Solo Travel Wasn’t For Me. Here’s Why (And What I Learned From It)
There's no need to knock travelling with the squad.
It’s no secret that solo travel is having a moment. Open any social media platform and you’re pretty much guaranteed to come across something referencing the magical and transformative nature of going it alone.
And, sure, it can be amazing if you do it for the right reasons, but there’s no need to knock travelling with the squad. It turns out, travelling solo wasn’t for me, so I’ve rounded up what I learned from the experience. Spoiler alert: hostels aren’t my favourite thing in the world.
#1 The Best Travel Memories Come From Shared Experiences
How many times have you turned to a friend or significant other and said, “Remember that time we did (insert activity here) in (insert country here)?” If you’re anything like me, you probably love to gush about your adventures, even long after you’ve returned home.
When you’re travelling solo, any activity that gets your adrenaline pumping or sight that takes your breath away is only experienced by you. Well, you and a lot of strangers. You can try explaining how it felt to your friends back home, but they may never be able to understand it like someone who was there with you.
These kinds of travel memories are only made through shared experiences and they’ll stay with you long after you’ve left your destination behind.
#2 I Like Being On My Own – Just Not All The Time
Okay, okay, I should tell you that, before I left on my solo travel extravaganza of a lifetime, I was pretty confident that I would be totally fine spending all my time on my own. I’m an introvert and I like nothing more than cuddling up in bed with a good book, so I was convinced solo travelling was going to be 100 per cent my jam.
I was wrong.
Turns out, I also really like having a chat – and not just the casual small talk you usually make while travelling on your own, but the kind of deep and meaningful you can only have with a travel companion you know really well.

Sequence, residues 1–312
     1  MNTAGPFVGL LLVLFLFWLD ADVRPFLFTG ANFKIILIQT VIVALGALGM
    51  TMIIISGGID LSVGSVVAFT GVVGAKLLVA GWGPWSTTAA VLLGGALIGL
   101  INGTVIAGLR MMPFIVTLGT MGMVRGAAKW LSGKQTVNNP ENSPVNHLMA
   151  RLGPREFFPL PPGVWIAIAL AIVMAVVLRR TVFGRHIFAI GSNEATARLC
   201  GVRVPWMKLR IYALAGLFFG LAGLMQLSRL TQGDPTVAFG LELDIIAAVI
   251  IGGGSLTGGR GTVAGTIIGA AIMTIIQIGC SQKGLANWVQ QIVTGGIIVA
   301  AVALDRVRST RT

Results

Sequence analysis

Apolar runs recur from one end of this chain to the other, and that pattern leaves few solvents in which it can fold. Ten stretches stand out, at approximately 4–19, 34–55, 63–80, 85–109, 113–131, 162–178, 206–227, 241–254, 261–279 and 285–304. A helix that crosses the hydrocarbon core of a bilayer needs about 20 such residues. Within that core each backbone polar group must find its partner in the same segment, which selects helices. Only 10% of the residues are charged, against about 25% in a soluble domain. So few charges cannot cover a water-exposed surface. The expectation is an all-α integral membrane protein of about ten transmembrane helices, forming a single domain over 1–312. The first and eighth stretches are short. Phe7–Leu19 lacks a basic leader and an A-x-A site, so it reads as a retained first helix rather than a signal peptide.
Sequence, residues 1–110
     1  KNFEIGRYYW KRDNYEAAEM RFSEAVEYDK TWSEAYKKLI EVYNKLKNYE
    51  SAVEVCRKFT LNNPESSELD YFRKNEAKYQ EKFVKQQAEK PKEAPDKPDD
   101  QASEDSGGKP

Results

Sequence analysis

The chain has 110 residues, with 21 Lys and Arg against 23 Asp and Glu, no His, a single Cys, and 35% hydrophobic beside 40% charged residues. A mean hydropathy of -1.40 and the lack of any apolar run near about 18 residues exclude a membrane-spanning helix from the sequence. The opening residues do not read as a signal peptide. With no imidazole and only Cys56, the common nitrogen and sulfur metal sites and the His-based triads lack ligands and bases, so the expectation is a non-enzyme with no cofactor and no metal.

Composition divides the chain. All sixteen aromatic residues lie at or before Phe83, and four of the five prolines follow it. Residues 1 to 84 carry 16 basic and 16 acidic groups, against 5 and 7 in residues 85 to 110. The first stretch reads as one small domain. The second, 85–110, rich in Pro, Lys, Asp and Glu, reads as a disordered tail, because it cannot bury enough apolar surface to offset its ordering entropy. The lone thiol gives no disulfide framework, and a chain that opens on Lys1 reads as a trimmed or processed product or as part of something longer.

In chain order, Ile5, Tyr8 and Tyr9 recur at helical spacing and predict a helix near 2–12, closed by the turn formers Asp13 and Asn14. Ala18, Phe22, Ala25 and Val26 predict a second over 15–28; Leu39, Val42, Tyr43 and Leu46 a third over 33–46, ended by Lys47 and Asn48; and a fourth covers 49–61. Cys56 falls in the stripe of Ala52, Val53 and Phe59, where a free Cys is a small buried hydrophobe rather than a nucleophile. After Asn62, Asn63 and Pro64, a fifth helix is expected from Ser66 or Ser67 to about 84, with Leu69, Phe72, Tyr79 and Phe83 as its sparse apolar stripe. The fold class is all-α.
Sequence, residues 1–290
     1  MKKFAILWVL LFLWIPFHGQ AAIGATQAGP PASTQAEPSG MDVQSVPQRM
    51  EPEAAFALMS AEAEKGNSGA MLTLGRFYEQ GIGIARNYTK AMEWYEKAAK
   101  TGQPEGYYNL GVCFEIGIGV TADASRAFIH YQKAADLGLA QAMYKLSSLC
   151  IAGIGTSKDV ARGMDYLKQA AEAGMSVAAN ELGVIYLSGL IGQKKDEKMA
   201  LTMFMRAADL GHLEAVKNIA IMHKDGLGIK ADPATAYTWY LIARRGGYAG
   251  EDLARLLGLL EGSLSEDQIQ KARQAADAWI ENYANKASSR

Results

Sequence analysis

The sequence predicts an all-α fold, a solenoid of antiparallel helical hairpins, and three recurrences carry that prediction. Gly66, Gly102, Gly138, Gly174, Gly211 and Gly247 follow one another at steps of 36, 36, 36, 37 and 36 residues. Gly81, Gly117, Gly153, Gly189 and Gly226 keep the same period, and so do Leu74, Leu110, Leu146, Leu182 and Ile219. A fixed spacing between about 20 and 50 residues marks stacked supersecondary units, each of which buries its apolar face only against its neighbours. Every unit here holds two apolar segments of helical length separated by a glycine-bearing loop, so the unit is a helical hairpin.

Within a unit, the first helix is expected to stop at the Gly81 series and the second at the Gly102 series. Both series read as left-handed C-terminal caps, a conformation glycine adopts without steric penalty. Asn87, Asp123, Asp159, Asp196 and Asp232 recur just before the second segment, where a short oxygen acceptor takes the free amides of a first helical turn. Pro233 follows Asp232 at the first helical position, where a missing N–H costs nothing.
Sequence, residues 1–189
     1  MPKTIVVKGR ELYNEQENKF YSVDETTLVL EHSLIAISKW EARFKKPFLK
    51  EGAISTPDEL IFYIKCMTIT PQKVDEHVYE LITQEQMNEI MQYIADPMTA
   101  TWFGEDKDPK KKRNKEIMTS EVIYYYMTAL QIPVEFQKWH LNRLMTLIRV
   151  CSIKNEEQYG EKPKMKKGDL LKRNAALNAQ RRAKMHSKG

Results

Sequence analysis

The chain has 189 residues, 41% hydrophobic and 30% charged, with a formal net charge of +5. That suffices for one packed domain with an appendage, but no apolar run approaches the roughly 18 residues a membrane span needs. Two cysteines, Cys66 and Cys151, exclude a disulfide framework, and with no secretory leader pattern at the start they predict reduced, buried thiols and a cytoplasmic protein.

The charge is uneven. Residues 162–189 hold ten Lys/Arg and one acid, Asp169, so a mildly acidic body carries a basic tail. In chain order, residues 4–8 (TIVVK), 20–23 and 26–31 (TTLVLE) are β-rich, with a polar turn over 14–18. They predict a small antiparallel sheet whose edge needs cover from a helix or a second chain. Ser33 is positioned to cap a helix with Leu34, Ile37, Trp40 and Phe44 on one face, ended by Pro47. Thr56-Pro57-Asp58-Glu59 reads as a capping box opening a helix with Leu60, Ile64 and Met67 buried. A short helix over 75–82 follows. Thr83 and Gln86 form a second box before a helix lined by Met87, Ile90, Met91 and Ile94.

By travelling alone, I learnt that hanging out on your own sometimes is amazing and something we all need to recharge our batteries, but doing it all the time? Not so much.
Unless you’re the kind of person who can make friends quickly and easily (in which case, please teach me your secrets), travelling solo means that you’re most likely going to get lonely and bored of your own company at some point, even if it is only temporarily.
#3 Hostels Aren’t For Everyone
Solo travel and hostels goes together like Vegemite and toast. Hostels serve a dual function for solo travellers: they’re cheap, so you’ll get to avoid the dreaded single traveller charge, and you’ll be thrown into a room with strangers, which means friendships are bound to happen.
It sounds like a win-win, right? Well yeah, except hostels mean you’ll never get time to yourself (like, never ever) and, because everyone staying in a hostel is in a state of constant movement, those friendships you’re cultivating could disappear when you or the other person moves on.
And once this has happened a few times, the idea of making more small talk and sleeping in a creaky AF bunk-bed are considerably less appealing.
#4 Travelling With Friends Forces You Out Of Your Comfort Zone
When you’re travelling solo, you get complete control over what you see and do. That freedom is intoxicating, but it also means – unless you’re incredibly self-aware – you’ll likely always gravitate to things you know you like doing.
If you’re travelling with other people, sometimes you just have to suck it up and do something because your friends or significant other want to. How do you know you don’t like something unless you do it?
Travelling with someone else forces you to get out of your interest comfort zone and try things you’d never think of doing otherwise. And we all know that’s where the real magic happens.
#5 You Can Be Independent Without Being Alone
Okay, this one might sound silly, but travelling solo taught me that true independence isn’t so much a state of being as a mindset. You don’t have to physically be on your own to be independent.
Instead, independence is all about being confident in the decisions you make, and you can do that while travelling with someone else. Take it from someone who’s been there: travelling solo isn’t automatically going to make you more confident. Instead, it might just make you appreciate your friends and family more than ever.
(Lead image: Steven Lewis)